The International Museum of Surgical Science is located at 1524 N. Lake Shore Dr. Reception is Friday from 5-8pm.
3. Twelve Hundred Miles Down the Street at Linda Warren Gallery
I think I’m attracted to this work because it reminds me of my own photography, in a weird, round-about way. Depressed places rendered formally for contemplation, I guess you could say. I am generally a lover of Linda Warren’s place, and this looks like another good show for the books. All the paintings in Twelve Hundred Miles are by Joseph Noderer. Michael Stillion will be showing in the Project Space.
Linda Warren Gallery is located at 1052 W. Fulton Market St. Reception is Friday from 6-9pm.
4. Carnival of Curiosity at Holy Mountain
You ever heard of Holy Mountain? I hadn’t until earlier this week. For those of you new to it, Holy Mountain is a women-owned BDSM Studio in the West Loop. And I quote, “Carnival of Curiosity is intended to bring a new audience into an environment they might not otherwise explore, and to showcase the talents of a collective of Pro Dominas who already contribute to Chicago’s artistic zeitgeist in their own ways.” Sounds like a party to me!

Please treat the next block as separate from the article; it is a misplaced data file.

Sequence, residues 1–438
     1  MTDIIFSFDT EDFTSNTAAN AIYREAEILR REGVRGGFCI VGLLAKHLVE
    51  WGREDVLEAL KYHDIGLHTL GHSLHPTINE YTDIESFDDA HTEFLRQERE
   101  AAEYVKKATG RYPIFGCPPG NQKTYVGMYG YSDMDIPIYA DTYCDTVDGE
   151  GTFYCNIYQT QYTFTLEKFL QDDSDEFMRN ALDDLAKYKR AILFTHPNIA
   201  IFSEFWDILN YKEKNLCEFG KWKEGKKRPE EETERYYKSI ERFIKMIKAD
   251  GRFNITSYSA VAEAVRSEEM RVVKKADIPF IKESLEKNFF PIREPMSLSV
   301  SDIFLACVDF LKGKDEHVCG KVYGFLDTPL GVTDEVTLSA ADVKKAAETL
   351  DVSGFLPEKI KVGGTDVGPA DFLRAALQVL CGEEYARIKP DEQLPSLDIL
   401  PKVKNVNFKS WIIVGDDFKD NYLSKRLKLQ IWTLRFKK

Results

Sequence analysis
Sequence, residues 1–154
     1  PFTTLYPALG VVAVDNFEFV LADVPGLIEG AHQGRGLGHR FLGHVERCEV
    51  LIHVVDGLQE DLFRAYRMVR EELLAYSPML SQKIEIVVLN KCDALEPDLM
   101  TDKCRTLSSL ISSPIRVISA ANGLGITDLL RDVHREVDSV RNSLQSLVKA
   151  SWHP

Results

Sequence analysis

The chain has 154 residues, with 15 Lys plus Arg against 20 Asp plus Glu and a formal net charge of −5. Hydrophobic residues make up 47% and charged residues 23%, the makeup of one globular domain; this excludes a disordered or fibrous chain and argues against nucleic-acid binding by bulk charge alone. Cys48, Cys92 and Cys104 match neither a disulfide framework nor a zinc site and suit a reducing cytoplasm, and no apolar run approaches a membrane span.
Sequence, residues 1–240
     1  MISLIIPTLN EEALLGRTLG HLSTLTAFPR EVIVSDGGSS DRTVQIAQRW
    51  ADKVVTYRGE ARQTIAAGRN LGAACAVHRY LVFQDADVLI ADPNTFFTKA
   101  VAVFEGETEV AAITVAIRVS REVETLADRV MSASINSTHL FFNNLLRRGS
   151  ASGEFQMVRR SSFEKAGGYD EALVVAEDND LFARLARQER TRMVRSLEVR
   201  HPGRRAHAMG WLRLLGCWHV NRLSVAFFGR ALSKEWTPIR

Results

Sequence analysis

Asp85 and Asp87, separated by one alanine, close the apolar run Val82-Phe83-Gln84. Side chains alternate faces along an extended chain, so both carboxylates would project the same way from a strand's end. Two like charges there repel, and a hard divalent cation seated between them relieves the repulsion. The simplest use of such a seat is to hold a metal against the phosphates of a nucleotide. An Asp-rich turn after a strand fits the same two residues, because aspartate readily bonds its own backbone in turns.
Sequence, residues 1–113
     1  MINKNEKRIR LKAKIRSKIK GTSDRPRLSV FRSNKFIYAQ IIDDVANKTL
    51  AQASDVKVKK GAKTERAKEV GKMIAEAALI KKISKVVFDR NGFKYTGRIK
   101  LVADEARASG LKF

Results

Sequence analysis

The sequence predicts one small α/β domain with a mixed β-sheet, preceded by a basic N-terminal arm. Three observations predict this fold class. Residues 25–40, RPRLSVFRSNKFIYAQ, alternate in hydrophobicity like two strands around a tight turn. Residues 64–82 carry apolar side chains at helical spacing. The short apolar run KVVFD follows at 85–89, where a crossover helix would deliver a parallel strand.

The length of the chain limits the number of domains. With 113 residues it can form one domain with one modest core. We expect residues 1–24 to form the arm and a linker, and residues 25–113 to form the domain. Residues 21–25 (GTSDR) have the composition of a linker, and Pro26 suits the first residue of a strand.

Holy Mountain is located at 120 N. Green. Reception is Friday from 6-9pm.
5. The Strange Case of William Mumler at The Renaissance Society
Spirit photography is rad! Now Louis Kaplan from the University of Toronto will be discussing the work of one the most famous, William Mumler. And I quote, “As Kaplan’s case study of William Mumler shows, faith in the truth-telling abilities of photography has always been accompanied by skepticism about the objectivity of the photographer. Beginning in the early 1860s, Mumler became famous in Boston and New York for taking “spirit photographs” in which ghostly images of departed family members or friends appear in portraits of living subjects.” Hooray for ghosts!
The Renaissance Society is located at 5811 S. Ellis Ave. The lecture will be held Sunday in Swift Hall, Room 106 at 2pm.